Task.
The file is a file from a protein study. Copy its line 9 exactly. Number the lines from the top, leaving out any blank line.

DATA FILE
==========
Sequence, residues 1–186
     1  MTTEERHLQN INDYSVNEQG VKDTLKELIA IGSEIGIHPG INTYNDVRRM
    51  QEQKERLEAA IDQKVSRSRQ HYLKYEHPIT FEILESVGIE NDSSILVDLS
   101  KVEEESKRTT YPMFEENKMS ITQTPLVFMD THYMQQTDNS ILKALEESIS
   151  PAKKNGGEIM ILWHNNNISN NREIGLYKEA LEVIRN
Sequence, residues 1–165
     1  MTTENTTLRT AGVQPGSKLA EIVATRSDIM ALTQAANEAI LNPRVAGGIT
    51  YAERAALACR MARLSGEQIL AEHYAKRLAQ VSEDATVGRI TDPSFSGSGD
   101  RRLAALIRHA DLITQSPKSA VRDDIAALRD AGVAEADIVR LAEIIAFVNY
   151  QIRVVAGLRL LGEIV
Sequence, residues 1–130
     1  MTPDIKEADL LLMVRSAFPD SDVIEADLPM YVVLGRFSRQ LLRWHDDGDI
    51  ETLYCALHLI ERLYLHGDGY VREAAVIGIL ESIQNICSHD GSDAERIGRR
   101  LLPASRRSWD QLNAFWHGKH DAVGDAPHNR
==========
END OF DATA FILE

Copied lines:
   101  RRLAALIRHA DLITQSPKSA VRDDIAALRD AGVAEADIVR LAEIIAFVNY